*'''Buffalo River Trail''', From Boxley Valley to Pruitt, the Buffalo River Trail (BRT) winds through scenic overlooks, old homesites, and rugged wild areas that best characterize the park. Hiking is most strenuous between Boxley Valley and Erbie, where steep gradients and switchbacks lead to spectacular views of the river. The terrain gradually gives way to a nicer river corridor and terrain which is more forgiving to hikers. The trail is presently 37 miles long. Unlike the old river road trail, which follows the river more closely, the BRT does not have river crossings. Also unlike the old river road trail, use on the BRT is limited to hikers only. Trailheads to Buffalo River Trail are located at the south end of Boxley Valley, Ponca Low Water Bridge, Steel Creek, Kyles Landing, Erbie, Ozark, and Pruitt Ranger Station. All trailheads but Ponca Low Water Bridge have overnight parking areas available. The newest addition to the BRT is the 18-mile section from Woolum to Highway 65, near Tyler Bend, then ending up at Gilbert. Trail maps and guides are available for sale through the Eastern National Bookstore, park headquarters and at all visitor contact station locations.
The very best way to see Buffalo River is by canoeing. You may bring your own canoe, kayak, raft, or john boat; but your best bet may be to rent one from local authorized concessioners – no permit is required. Motors must be less than 10 horsepower and properly registered in the state of Arkansas. Life jackets are required in all boats, and must be worn by children 12 and younger. United States Coast Guard regulations mandate that life jackets must be USCG-approved, in good condition, and the appropriate size for the wearer. No glass containers are permitted within 50 feet of the river or its tributaries. Floating the Buffalo can be a wonderful experience, and you can keep it that way by following a few precautions. Always check river conditions before you float. River levels are posted at the access areas and can also be found on the internet [http://www.buffaloriverandrain.com] or by calling any ranger station or visitor center.
The Buffalo River is a favorite with anglers. Long pools and shallow riffles provide excellent opportunities for fishing. The Buffalo and its tributaries comprise one of the Nation’s richest areas in total number of fish species. Game fish of choice are the small mouth, largemouth and spotted bass, catfish, Ozark bass, and a variety of panfish. Favored traditional methods of fishing are bank fishing and float fishing in flat-bottomed johnboats. Float fishing is most common on the lower (eastern) half of the river. State and National Park Service regulations govern fishing. An Arkansas fishing license is required for persons age 16 and over. Catch and release of smallmouth bass is encouraged (with artificial lures, barbless hooks, and careful handling). Smallmouth bass kept must be at least 14 inches in length with a limit of two per day.
Over 200 species of birds
*'''Buffalo Point Concession''', has a restaurant that is open in the summer season.
National Park Service regulations control the use of alcohol on Buffalo National River. There is no alcohol for sale within the park boundaries, however, you may bring your own alcohol into the park on a limited basis. Bringing alcohol is a privilege, not a right. You are required to regulate your alcohol consumption, and alcohol-related offenses may be punishable by eviction from the park. Once again: '''Glass containers are not permitted on or within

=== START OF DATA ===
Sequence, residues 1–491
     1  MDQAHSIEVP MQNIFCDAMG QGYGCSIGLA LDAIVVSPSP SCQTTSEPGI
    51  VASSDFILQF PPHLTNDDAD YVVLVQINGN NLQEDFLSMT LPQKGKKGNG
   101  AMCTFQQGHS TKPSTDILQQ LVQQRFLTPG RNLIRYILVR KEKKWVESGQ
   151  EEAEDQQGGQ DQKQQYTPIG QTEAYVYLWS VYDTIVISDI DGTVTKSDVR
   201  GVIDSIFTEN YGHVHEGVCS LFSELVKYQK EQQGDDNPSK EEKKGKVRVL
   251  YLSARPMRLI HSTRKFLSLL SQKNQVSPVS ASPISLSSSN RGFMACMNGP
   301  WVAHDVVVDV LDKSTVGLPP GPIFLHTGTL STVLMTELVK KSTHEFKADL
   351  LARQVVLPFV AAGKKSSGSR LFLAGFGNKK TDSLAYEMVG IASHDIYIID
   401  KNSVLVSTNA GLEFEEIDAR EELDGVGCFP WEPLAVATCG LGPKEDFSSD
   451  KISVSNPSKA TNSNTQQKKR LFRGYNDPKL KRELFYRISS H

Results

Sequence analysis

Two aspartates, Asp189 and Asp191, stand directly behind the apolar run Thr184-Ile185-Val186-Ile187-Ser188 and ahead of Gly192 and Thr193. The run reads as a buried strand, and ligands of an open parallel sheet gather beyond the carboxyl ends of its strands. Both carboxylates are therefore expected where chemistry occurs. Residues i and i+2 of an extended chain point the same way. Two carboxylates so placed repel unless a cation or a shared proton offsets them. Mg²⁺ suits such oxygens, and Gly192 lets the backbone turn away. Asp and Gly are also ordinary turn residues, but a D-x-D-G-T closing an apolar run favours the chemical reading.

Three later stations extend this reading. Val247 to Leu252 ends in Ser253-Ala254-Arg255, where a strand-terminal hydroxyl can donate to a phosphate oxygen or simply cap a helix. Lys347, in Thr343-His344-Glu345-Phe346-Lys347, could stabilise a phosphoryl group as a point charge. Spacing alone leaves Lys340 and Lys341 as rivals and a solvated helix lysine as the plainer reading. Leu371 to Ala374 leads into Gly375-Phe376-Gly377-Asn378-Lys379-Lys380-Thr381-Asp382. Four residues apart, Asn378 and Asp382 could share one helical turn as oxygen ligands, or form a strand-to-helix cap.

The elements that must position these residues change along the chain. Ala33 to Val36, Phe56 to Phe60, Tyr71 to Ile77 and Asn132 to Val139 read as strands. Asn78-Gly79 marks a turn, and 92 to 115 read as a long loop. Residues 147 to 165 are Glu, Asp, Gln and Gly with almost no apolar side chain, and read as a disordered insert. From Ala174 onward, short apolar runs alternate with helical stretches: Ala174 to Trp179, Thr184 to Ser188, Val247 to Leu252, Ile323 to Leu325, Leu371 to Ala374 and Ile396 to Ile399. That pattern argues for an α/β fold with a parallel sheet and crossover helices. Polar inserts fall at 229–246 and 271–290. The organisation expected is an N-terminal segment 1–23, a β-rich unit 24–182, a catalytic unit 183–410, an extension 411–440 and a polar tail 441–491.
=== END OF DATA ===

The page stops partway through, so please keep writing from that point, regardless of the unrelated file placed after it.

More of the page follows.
*'''Buffalo Point Concession'''. Rustic Cabins open from March 1 to November 30; Modern Cabins are available year around. Reservations Online [http://www.buffalopoint.com], Phone: (870) 449-6206, Located at Buffalo Point,
Thirteen designated campgrounds are accessible by car and are '''open year round''' on a first-come, first-served basis except that Buffalo Point Campground offers some campsites by reservation through http://www.ReserveUSA.com or calling 1-877-444-6777. Tyler Bend and Buffalo Point offer restrooms, showers, and trailer dump stations; camping fees are charged at both locations from
*'''Maumee South''', Primitive campground with open camping, available first-come/first-serve. No campsites are accessible for disabled persons. Vault toilets available. No camping fees required.
*'''Mt. Hersey''', Primitive campground with open camping, available first-come/first-serve. No campsites are accessible for disabled persons. Fire grates and vault toilets available. No camping fees required.
*'''Ozark''', Modern campground with thirty-five campsites, available first-come/first-serve. No campsites are accessible for disabled persons. Picnic tables, fire grates, drinking water, and flush toilets available
*'''Spring Creek''', Semi-developed campground with fourteen campsites, available first-come/first-serve. No campsites are accessible for disabled persons. Picnic tables, fire grates and vault toilet available. No drinking water. Camping is free.
*'''Steel Creek''', Modern campground with twenty-six campsites, available first-come/first-serve. No campsites are accessible for disabled persons. Picnic tables, fire grates, drinking water (
*'''Woolum''', Primitive campground with open camping, available first-come/first-serve. No campsites are accessible for disabled persons. Fire grates and vault toilets available. No camping fees required. Horse campsites are available.
*Bring ample drinking water, or even better, a water purifier. Never drink untreated water from springs or rivers due to the potential presence of harmful organisms.
*Poison ivy and snakes are present and protected in the park. Never reach or step where you cannot see.
*Ticks and chiggers are hard to avoid anywhere in the Ozarks. Long pants and insect repellent (90%+ DEET) help
*Sturdy shoes and proper clothing are a must to ensure a safe and comfortable out-of-doors experience.
*Choose campsites that allow an escape route as locally heavy rains can cause rivers and streams to rise rapidly.
*Do not dive or jump into the river. Shallow water and submerged objects are hazardous. Swim only in clear, calm water and check below the surface for submerged objects.
*If a lightning storm occurs, leave the river and find shelter immediately. Metal boats and water itself conduct electricity.
*'''Silver Dollar City''' and '''Celebration City''' theme parks near [[Branson]].
*[[Eureka Springs]], [[Arkansas]] sometimes called the little [[Switzerland]] of the Ozarks and on other occasions the [[San Francisco]] of the Ozarks. Local craft shops and art galleries, good food and shopping. Close to Beaver Lake with fishing, water skiing, swimming and other water sports.
*[[Mountain View]] is home to the Ozark Folk Center and Blanchard Springs Caverns.